Q: I'm concerned about the limited selection of CD players on the market. I have an extensive collection of CDs (in the 4,000 neighborhood) and have this horrible fear of CD players becoming obsolete. What do I do then, just put all my CDs in a big pile and burn them?

I enjoy my music immensely and listen to my CDs every day. I am temporarily living with and taking care of my elderly mother, and she won't let me get a stereo system to use at her home. I have an Onkyo receiver in storage for future use, but in the meantime I am using a horrible-sounding Crosley CD player that looks like an old-fashioned radio. She has noise issues, and it is all she will let me use.

Should I be concerned about CD players going away, and should I buy one ASAP and hold on to it in case they do? If so, I would like to get a five-disc CD changer and would spend up to $400. Any suggestions?

A: I hope you were just being sarcastic about burning your CDs. But just in case — or in case someone else picks up on the idea — don't ever burn CDs. That would produce toxic fumes.

While I have written about the limited number of players on the market compared with what was available in the early years of the format, I never intended to create the impression that CD players were completely going away. I think calling CDs and the CD format "obsolete" is a stretch. CD still is the leading format for music on optical media.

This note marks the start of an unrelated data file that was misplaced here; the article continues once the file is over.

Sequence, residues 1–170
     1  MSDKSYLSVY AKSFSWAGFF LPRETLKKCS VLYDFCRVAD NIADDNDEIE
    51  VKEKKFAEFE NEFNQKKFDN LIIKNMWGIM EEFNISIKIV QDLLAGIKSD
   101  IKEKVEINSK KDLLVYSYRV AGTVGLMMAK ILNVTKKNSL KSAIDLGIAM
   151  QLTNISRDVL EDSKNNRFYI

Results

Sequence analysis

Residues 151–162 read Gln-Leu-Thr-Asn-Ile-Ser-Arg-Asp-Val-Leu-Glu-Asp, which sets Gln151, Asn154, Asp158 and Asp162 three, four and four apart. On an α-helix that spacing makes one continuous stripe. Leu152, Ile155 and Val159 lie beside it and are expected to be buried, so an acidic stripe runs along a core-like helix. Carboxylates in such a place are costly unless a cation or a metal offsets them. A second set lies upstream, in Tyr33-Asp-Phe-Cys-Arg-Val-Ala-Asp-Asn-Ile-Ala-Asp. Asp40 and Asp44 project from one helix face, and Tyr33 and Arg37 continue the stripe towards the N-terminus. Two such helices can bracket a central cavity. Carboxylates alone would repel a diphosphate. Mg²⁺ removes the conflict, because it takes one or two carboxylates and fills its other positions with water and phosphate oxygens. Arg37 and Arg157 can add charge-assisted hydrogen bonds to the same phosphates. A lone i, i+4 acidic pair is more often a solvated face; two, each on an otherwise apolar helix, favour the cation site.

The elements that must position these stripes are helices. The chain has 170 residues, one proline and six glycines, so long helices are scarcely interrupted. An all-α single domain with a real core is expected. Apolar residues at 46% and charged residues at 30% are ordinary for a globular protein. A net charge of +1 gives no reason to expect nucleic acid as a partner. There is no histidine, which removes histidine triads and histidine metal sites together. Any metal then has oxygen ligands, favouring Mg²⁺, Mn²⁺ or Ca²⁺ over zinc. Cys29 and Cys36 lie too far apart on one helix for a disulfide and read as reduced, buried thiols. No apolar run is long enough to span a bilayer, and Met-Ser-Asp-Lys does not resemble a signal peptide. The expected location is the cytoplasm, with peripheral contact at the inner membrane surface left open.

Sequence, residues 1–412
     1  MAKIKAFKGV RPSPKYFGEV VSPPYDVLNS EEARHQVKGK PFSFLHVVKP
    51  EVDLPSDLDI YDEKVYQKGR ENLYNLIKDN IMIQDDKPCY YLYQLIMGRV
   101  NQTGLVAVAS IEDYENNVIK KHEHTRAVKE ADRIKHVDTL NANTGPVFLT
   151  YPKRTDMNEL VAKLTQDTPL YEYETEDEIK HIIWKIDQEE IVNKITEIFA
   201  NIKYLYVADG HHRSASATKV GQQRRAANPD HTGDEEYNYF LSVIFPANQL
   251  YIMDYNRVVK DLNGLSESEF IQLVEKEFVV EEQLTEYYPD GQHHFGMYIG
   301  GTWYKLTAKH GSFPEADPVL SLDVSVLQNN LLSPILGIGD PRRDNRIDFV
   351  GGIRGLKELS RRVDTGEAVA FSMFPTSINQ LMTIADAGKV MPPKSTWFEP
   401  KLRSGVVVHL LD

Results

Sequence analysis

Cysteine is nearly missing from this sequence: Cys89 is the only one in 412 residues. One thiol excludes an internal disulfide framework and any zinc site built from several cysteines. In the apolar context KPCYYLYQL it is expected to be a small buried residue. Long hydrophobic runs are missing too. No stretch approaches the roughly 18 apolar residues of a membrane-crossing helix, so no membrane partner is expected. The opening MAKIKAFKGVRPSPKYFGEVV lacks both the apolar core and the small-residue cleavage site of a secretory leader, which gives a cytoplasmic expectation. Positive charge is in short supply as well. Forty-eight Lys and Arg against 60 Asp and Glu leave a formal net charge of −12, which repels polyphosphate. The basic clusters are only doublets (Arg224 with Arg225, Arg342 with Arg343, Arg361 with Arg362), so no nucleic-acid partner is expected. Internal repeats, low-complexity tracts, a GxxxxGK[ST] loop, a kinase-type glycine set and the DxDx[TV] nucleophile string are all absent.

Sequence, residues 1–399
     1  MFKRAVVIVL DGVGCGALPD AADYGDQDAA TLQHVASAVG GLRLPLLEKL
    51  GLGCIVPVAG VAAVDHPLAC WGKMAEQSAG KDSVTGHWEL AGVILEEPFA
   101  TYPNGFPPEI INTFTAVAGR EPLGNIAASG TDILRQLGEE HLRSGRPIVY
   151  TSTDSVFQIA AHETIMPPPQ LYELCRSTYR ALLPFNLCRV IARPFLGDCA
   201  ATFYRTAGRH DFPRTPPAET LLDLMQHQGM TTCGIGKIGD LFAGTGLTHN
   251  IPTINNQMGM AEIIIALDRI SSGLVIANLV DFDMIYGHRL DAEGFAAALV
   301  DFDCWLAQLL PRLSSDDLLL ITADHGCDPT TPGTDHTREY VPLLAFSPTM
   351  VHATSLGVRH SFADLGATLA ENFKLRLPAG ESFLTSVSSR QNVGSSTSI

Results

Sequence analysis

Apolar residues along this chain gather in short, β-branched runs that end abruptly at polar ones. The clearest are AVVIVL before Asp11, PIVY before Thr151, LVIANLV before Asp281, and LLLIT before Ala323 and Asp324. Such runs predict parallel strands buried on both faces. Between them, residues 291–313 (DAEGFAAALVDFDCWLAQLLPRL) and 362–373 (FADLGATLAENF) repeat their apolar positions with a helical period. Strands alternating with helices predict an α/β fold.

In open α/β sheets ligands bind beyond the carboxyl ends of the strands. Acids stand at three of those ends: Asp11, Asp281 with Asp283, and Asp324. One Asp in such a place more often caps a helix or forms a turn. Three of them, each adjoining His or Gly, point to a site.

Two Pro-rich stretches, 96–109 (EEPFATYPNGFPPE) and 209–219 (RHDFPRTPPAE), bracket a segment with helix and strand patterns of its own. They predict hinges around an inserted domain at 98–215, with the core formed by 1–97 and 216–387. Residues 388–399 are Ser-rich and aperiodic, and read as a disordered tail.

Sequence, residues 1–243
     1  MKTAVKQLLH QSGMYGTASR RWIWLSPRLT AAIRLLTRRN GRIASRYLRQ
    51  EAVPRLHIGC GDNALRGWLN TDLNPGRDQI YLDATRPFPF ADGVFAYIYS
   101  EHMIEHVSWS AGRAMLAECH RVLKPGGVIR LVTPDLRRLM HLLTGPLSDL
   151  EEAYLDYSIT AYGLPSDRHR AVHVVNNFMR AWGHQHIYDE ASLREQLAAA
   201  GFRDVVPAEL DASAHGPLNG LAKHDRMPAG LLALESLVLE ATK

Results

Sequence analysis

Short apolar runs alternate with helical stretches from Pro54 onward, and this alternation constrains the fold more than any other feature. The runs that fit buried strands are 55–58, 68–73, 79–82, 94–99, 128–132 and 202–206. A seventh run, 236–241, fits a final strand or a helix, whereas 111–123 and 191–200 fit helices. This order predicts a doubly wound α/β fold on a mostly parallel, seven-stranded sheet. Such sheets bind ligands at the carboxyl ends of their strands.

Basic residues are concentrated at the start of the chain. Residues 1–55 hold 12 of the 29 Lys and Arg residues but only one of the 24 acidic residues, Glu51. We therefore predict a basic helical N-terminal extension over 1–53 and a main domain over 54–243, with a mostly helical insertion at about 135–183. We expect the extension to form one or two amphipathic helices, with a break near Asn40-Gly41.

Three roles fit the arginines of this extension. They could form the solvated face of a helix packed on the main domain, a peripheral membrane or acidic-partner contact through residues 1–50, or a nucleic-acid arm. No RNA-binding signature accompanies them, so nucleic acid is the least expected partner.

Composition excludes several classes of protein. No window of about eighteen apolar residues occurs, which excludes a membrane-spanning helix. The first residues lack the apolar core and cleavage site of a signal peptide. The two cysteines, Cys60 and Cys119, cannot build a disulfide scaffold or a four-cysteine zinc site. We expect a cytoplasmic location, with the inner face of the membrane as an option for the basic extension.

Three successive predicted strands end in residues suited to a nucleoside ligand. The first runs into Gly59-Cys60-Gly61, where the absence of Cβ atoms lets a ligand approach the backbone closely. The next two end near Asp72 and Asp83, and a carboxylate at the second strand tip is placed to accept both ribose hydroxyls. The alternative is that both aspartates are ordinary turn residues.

There are lots of devices that play CDs besides a CD player. Any DVD or Blu-ray player also will play CDs, though you will have to check for audio outputs on the back of some of the newer players. In addition to the billions of music CDs in existence, there also are billions of movie discs, and that will create a demand for the players for decades to come.

That being said, CD changers definitely have fallen in popularity. The only one currently available is the $399 Yamaha CDC-600 (yamaha.com), so you might want to get it now. There also are many used CD and DVD changers available on eBay, Craigslist and in thrift stores. In fact, last year I bought an excellent Integra CDC-3.4 CD changer, in like-new condition, for only $3 at a thrift store. There was no remote control, but I found a used remote on eBay for $15. It works perfectly.

Rather than suffer with bad sound because of your mother's restrictions, why not enjoy your CDs with some headphones? You can get a CD player and put it on your nightstand with a small headphone amplifier. You also could get a CD player or changer and use an adapter cable to connect the RCA outputs to the miniplug input on a high-quality portable speaker like a Soundcore Flare. That will sound much better than what you are using now.

Send questions to Don Lindich at donlindich@gmail.com.